New Study Suggests Lots of Early Hominins

A new study published this week in the academic journal “The Proceedings of the National Academy of Sciences (United States)”, concludes that the early hominins of Africa were much more speciose than previously thought.  The most famous early human fossil, “Lucy” so named as the field team were listening to “Lucy in the Sky with Diamonds” by the Beatles when her fragmentary fossils first came to light, a member of the species Australopithecus afarensis, had plenty of other types of early hominin for company.

Early Hominins

A Model of an Australopithecus afarensis

Australopithecus afarensis.

At home on the plains.  A model of Australopithecus afarensis.

A Complicated Family Tree

The analysis of the current known early hominin fossil material was conducted by Dr Yohannes Haile-Selassie and Dr Denise Su (The Cleveland Museum of Natural History), in conjunction with their colleague from the Max Planck Institute for Evolutionary Anthropology in Leipzig, Dr Stephanie Melillo.  In a review of the fossil evidence from Chad, Ethiopia and Kenya, the scientists suggest that around 3.6 million years ago, a number of ancient hominin species co-existed. It seems that “Lucy” and her kind had plenty of company.  The hominin family tree is complicated.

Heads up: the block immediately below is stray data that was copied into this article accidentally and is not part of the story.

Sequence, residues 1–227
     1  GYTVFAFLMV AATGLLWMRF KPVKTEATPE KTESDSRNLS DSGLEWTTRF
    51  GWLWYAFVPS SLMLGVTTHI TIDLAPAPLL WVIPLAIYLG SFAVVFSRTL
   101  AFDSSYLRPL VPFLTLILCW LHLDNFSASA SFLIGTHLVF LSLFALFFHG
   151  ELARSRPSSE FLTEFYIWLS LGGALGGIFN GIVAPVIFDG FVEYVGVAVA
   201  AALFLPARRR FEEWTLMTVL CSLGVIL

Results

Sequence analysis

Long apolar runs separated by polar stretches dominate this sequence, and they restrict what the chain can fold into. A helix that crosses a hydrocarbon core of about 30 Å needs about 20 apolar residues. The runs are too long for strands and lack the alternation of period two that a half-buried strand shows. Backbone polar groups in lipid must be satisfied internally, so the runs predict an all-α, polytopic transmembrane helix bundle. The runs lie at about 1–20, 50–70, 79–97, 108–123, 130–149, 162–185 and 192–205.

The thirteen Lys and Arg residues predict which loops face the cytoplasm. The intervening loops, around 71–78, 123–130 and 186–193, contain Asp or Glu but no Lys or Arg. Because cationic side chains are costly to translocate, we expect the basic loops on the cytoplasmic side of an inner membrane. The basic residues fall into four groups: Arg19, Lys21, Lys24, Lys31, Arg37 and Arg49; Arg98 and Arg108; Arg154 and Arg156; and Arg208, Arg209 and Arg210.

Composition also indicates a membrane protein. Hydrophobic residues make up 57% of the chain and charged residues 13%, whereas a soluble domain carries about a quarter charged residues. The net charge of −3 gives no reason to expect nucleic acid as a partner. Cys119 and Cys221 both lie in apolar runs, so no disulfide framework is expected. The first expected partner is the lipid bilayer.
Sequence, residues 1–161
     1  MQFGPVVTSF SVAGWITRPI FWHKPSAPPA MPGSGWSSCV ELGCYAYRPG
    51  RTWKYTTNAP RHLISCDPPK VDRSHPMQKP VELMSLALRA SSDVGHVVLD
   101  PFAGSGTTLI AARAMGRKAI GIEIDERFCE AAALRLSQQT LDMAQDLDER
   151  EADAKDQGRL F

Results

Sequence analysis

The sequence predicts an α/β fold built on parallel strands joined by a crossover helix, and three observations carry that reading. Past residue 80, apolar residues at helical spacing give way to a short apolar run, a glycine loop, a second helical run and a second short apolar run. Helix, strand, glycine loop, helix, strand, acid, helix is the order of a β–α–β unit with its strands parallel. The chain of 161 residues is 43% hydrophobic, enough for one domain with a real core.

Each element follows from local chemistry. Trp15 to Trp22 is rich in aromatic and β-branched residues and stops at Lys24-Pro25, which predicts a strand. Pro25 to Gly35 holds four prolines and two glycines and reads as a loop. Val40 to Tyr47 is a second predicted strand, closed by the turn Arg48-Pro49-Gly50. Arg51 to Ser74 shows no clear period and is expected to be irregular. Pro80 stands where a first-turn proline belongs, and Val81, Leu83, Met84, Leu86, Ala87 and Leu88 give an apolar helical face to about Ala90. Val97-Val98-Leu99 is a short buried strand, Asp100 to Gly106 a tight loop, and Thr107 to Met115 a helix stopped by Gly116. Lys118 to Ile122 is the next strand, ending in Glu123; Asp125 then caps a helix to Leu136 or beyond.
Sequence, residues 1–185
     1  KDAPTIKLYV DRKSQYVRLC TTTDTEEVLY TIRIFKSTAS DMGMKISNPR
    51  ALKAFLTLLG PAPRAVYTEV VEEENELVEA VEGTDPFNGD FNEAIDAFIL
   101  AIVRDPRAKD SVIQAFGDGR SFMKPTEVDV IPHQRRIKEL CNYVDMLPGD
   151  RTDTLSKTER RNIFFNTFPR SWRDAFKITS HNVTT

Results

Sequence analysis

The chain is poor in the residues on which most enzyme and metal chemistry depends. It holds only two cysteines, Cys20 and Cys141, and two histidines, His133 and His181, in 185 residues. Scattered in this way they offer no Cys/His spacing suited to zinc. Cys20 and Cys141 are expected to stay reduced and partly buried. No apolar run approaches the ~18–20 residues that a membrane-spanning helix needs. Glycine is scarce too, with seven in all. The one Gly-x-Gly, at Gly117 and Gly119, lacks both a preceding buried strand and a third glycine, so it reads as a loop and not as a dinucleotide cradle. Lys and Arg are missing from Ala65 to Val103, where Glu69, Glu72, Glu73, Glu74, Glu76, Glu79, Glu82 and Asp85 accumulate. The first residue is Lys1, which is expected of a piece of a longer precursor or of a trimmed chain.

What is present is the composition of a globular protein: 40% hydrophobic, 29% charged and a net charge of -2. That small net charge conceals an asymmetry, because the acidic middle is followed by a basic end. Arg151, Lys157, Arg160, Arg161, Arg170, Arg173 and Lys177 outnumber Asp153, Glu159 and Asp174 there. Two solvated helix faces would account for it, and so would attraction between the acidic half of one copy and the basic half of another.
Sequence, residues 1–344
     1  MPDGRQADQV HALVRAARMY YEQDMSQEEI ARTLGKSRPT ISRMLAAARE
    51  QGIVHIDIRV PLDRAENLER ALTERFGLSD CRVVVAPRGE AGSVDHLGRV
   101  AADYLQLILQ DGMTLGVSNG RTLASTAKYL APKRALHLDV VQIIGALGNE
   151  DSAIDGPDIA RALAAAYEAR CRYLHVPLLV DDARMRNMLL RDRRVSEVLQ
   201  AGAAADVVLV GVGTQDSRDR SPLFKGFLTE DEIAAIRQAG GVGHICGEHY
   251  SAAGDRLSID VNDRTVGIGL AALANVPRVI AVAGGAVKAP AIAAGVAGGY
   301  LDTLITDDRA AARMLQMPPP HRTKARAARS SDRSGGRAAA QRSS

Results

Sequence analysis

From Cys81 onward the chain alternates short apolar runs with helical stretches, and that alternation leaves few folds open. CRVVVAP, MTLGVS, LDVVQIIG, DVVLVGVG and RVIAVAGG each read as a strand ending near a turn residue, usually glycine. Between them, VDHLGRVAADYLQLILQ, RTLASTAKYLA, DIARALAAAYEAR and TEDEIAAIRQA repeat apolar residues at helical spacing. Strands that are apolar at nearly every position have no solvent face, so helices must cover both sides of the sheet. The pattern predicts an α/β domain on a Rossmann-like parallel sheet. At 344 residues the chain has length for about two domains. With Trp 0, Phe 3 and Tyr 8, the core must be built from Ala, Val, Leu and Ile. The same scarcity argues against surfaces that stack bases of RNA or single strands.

More models and replicas of early hominins: Safari Ltd. Wild Safari Prehistoric World Models.

Hominin Diversity in the Late Miocene and Pliocene Epochs

A number of early hominin species have been identified.

Late Miocene and Pliocene hominin diversity.

Picture credit: PNAS with additional annotation by Everything Dinosaur

The scientists conclude that more fossil material needs to be found.  More fossils will help establish the evolutionary relationships of these species.  The researchers would like to know how these early hominins competed for resources.

Visit Everything Dinosaur’s website: Everything Dinosaur.

Share This!Pin on Pinterest0Tweet about this on TwitterEmail this to someoneShare on Facebook0Share on Google+0